Natasza Goerke

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  • fot. Wojciech Wilczyk

Born in Poznań in 1962, Goerke writes fiction and poetry. She studied Polish literature at Adam Mickiewicz University in Poznań and Oriental studies at Jagiellonian University in Kraków. In the mid-1980s she emigrated to Germany, where she studied Tibetan languages and Eastern religions in depth. In 2003, she was nominated for the NIKE prize. She currently lives in Hamburg.

The terms “grotesque” and “surreal” are often used to describe Goerke’s work, both in some ways aptly, though above all it is philosophical prose, with its roots in the Enlightenment tradition of the story, dressed up in modern costume. Goerke’s works – usually concise and very concentrated – present an artificial, caricature of reality, which, owing to one or another of its excesses and shortcomings, is unable to function as it should, and thus “goes off”, making life impossible for the heroes (who are treated with a mixture of sarcasm and concern) and preventing the action from developing as well. In this way the crisis of the novel gains its metaphysical justification.

On the other hand, Goerke’s world has slowly taken on coherence, thanks to her gradual absorption of Buddhist philosophy, resulting in her recently published novella, 47 With Full Force, her most wide-ranging work to date. In it, she does not abandon her caustic, disapproving view of European civilisation – the hero is a man to whom a monument is erected for having achieved and deserved nothing in life (only this sort of monument can possibly remain in today’s contradictory world). The prose is written in colloquial language, which is used to help express some imperceptibly vital truths; it takes some generally accepted notions to absurdity, and brings some “myths” (such as the aura surrounding leading Polish mountaineer Wanda Rutkiewicz) down to earth. It employs a refined sense of humour, as well as stylisation and parody (e.g. quotes from Miłosz and Blake acting as perfect examples of the scribblings of those who worship a hallucinogenic beetroot). In its often fairytale-like quality, it is rather like the short prose works of Robert Walser.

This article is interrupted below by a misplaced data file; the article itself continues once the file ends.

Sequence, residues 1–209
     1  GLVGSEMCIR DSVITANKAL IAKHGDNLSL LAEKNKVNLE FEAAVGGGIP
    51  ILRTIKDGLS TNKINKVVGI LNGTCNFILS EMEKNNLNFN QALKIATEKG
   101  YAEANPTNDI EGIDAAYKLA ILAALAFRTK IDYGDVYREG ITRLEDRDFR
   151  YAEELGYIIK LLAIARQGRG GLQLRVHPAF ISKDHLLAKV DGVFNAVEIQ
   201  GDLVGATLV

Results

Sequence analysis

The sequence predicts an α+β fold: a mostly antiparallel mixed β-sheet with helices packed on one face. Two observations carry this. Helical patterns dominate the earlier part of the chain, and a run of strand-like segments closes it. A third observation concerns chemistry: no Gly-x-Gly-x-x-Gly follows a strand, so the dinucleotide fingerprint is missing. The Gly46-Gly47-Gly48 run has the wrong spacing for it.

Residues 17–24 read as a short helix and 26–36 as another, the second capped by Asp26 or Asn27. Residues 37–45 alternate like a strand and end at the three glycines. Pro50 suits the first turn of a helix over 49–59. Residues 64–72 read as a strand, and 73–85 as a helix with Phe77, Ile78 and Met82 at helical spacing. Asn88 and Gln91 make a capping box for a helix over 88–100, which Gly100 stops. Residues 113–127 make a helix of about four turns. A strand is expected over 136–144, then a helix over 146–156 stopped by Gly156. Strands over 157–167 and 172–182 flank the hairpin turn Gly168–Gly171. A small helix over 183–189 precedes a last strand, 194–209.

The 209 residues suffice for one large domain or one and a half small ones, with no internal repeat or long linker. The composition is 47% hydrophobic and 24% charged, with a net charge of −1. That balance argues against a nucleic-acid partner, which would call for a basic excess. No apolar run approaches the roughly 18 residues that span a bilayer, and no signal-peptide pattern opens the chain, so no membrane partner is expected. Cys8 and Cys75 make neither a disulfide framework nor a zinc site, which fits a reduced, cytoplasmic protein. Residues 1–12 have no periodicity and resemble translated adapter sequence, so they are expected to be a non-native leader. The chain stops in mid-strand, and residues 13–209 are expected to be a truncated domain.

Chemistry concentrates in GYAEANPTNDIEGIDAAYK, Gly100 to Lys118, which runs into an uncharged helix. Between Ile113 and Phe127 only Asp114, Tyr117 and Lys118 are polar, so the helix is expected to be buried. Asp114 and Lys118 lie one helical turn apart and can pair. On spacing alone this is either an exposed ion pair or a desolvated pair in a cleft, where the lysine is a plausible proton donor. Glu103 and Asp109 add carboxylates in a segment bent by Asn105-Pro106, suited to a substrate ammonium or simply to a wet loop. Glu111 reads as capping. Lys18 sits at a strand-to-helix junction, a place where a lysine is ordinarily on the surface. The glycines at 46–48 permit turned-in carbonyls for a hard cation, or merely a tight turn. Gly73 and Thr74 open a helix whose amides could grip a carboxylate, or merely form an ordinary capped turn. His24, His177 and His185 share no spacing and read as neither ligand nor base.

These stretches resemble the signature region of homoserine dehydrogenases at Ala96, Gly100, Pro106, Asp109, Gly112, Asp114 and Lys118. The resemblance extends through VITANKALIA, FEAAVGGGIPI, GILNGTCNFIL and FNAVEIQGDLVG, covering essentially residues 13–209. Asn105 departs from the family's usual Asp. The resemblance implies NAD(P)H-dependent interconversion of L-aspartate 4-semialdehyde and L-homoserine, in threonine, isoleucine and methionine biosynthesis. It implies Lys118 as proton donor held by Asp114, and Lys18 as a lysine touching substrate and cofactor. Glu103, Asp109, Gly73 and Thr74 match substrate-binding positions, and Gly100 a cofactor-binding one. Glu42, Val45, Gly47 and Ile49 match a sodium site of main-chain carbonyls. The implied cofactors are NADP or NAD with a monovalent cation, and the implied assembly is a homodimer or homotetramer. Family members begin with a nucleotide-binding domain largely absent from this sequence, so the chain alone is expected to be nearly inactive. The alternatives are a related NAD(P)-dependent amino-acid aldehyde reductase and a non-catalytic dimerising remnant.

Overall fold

Bibliography

  • Fractale. Sklepy prześcieradłowe, Poznań: Obserwator, 1994.
  • Księga pasztetów, Poznań: Obserwator, 1997.
  • Pożegnania plazmy, Gładyszów: Czarne, 1999.
  • 47 na odlew, Warszawa: Prószyński, 2002.

Translations:

English:

  • Farewell to Plasma, trans. W. Martin, Prague-New York: Twisted Spoon Press, 2000.

German:

  • Sibirische Palme. Erzählungen, Hamburg: Rospo, 1997.
  • Abschied vom Plasma, Hamburg: Rospo Verlag, 2000.
  • Rasante Erstarrung, Innsbruck: Skarabaeus, 2003.

Serbian:

  • Sve paštete sveta [Księga pasztetów], Beograd: Plato, 2002.

Slovak:

  • Povedz mi čo si myslíš o Indii a ja ti poviem kto si, Bratislava: Drewo a Srd, 2002.